Another option for funding from the state is the “eRobota” program, which was launched in July and provided non-refundable grants of up to UAH 250,000 (approximately $6500). However, they are offered only to those just planning to start a business, and the review of applications takes several months. As the Ministry of Economy reported in October, more than 13,000 Ukrainians applied for this program, and only 2,000 of them will receive funds for business development. Other businesses have to look for funding elsewhere. 

One-time grants from foreign companies

One of the options where Ukrainian startups can get help is through individual grant programs from global IT companies. Many international businesses announced their desire to help Ukrainians at the beginning of the war. However, in practice, such support is provided mainly in the form of free use of the services of these companies and is limited both in time and in the number of startups that can participate. 

For example, Amazon Web Services (AWS) announced the allocation of loans (in fact, grants) to Ukrainians for the use of the company’s services in the amount of up to $100k, and Google launched a $5 million fund for 50 Ukrainian startups founded during 2022. Meta (Facebook), in partnership with the Ukrainian company Genesis, offered an international educational program for founders and top managers of startups. There are also programs focused on specific sectors and areas. Thus, Mastercard announced the Start Path Ukraine program, within which it will provide grants of $10,000 for 5 Ukrainian startups specialising in fintech.  

Projects to support Ukrainian startups were also announced by the U.S. Department of State (the project “Business Incubation: Ukraine” – the enrollment is already closed) and the European Union, which launched a program to support Ukrainian startups worth 20 million euros. The peculiarity of all these programs is that this is one-time funding, and it can become for startups more of an additional support and financial “safety cushion” for some time rather than contribute to the full development and scaling.

VCs are increasingly looking towards Ukraine, but with caution 

Restricted government programs during the war and short-term grants made more and more Ukrainian founders look for funding outside Ukraine. Before the war, up to 20% of Ukrainian startups managed to attract foreign investment. Thus, in the study above, only 8.9% of founders indicated that their startups were funded by foreign venture capital. Another 6.3% reported investments from foreign accelerators and 5.1% – from foreign business angels.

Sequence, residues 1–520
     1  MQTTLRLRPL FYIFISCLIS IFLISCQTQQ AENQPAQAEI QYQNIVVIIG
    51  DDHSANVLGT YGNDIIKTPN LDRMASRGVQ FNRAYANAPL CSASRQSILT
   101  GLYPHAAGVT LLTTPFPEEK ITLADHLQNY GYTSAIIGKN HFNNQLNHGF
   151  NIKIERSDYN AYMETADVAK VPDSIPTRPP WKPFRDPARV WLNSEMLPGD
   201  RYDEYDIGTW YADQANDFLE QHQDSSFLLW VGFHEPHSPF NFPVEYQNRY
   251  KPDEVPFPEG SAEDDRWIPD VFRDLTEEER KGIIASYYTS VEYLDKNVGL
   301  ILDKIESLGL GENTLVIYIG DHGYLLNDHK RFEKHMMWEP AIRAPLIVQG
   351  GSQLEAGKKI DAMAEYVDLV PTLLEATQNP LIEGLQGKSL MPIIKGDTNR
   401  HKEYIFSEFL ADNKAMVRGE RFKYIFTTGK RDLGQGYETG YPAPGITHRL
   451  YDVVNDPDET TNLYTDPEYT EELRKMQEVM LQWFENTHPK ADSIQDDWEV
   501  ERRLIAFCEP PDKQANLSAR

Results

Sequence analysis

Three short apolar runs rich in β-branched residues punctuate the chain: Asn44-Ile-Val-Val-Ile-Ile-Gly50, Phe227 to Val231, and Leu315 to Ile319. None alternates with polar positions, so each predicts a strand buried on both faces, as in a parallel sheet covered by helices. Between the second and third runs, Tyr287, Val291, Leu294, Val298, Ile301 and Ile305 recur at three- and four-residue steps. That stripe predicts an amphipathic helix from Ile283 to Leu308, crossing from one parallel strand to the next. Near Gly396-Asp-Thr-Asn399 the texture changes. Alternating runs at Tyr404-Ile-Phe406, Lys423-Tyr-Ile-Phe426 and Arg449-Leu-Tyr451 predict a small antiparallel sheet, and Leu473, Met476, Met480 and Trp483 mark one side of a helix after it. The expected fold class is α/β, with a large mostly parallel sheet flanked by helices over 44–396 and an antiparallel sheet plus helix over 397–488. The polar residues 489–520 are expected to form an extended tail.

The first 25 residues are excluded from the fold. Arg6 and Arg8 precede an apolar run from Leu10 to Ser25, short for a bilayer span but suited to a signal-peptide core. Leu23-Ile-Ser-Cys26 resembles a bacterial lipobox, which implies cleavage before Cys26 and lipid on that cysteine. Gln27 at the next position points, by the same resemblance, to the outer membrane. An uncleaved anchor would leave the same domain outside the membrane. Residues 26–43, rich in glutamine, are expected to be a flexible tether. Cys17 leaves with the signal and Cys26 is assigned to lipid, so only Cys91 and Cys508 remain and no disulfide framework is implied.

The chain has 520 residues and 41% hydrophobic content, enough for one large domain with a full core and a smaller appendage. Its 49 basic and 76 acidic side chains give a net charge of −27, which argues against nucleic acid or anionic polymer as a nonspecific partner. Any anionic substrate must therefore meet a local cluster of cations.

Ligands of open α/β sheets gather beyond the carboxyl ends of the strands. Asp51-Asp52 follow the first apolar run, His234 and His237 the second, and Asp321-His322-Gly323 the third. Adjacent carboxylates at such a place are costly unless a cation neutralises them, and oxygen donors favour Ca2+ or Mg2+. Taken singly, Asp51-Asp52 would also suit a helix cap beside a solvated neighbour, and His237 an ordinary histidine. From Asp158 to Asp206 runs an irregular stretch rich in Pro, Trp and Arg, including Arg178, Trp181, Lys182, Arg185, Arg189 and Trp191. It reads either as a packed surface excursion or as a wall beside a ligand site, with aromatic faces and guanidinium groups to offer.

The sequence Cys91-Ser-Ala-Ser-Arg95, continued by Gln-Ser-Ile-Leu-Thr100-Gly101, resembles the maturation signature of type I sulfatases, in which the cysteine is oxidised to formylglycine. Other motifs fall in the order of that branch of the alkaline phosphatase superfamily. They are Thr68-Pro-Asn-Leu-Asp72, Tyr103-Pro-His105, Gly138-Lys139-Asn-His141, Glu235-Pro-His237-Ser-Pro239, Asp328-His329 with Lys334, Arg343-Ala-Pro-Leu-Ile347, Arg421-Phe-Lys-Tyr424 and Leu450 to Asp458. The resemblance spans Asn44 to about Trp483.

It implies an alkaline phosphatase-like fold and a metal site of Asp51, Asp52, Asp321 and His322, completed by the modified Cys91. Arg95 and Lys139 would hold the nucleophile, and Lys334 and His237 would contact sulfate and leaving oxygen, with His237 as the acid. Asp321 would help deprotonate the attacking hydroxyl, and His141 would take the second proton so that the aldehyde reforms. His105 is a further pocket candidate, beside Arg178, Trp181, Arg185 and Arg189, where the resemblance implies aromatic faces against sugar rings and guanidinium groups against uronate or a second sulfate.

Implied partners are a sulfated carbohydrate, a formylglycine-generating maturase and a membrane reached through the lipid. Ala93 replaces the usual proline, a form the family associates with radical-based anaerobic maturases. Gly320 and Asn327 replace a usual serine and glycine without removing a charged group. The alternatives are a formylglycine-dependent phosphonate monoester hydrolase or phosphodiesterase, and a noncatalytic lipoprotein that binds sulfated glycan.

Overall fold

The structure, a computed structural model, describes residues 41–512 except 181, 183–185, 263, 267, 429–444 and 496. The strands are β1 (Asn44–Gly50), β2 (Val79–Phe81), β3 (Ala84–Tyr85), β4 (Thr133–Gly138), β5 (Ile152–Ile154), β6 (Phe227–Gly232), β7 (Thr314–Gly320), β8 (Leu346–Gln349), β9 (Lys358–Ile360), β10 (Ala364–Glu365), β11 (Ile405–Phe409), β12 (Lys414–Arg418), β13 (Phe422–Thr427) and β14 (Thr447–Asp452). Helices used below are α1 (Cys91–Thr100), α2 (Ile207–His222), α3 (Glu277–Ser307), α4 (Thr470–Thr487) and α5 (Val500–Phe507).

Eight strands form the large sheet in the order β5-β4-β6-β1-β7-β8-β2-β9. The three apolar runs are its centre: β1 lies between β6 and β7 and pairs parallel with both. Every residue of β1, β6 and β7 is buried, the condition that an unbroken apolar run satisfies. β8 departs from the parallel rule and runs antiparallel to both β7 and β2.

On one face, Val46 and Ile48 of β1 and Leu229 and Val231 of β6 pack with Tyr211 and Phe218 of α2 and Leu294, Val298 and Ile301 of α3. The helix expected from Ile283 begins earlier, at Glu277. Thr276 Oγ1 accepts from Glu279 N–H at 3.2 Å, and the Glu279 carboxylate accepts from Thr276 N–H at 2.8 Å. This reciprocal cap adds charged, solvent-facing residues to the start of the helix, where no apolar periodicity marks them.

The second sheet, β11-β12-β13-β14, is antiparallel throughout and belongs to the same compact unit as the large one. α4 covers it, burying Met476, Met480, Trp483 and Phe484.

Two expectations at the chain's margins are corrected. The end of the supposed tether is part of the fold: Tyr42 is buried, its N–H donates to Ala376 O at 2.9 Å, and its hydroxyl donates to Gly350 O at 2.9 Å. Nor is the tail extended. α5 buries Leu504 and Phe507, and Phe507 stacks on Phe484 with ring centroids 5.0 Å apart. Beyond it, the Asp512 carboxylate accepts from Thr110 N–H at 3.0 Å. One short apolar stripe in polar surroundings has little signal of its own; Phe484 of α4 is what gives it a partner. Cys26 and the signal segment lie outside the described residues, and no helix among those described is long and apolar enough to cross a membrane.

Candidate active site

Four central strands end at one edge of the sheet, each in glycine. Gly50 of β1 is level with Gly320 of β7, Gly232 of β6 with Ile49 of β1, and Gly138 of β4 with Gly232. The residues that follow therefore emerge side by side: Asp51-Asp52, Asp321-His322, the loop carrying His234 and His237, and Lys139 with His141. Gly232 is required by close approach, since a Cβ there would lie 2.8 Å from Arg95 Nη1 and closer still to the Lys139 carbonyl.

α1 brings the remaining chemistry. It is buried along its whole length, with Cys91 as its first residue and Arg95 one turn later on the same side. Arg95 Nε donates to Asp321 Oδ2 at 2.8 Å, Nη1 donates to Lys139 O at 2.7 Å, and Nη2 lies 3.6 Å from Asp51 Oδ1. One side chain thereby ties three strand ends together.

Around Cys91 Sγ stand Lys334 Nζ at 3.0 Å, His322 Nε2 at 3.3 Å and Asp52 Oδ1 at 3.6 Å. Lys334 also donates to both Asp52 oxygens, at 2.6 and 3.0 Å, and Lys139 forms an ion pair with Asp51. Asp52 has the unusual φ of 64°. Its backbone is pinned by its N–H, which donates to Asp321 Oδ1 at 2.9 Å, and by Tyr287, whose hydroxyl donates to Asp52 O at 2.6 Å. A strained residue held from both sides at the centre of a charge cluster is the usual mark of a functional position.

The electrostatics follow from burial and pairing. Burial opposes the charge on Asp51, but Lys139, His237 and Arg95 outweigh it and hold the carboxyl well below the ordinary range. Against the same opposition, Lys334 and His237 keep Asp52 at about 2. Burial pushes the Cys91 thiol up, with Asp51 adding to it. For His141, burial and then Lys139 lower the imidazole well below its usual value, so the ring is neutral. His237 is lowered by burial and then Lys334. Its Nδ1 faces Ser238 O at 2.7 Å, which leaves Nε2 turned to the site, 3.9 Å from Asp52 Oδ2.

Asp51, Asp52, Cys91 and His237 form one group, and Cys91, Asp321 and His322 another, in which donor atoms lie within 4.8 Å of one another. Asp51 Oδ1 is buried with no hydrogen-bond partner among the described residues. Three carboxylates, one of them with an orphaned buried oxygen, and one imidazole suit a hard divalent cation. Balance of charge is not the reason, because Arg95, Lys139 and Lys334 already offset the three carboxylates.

Fewer domestic startups cooperated with Ukrainian ventures and accelerators (3.2% each) than foreign ones. Now Ukrainian VCs are just overcoming the crisis, increasingly looking to foreign markets to diversify their portfolio. At the same time, there is an activity in the Ukrainian venture capital market. Among the quite active investors with Ukrainian managing partners are SMRK VC Fund, TA Ventures, Digital Future, GEEK Ventures, SID Venture Partners Fund, Flyer One Ventures, Hypra, new funds Angel One and hi5 Ventures and others. In addition, at the end of September, the list of the most active players in the Ukrainian ecosystem was updated, which can also become an inspiration for Ukrainian funders.

Foreign venture capital, inspired by the enthusiasm and courage of Ukrainians, continues to pay more and more attention to the Ukrainian startup ecosystem and Central and Eastern Europe as a whole. As calculated by Sifted, in the first half of this year, venture fund investments in the region increased from $1.4 billion to $3.2 billion compared to the first half of 2021. If, in the spring, Ukrainian startups managed to raise relatively small funds – up to $1 million, then more significant deals began to close in the summer. In particular, significant amounts were raised by Ukrainian startups Preply – $50 million, AirSlate (formerly PDFfiller) – $51.5 million, and Unstoppable Domains – $65 million.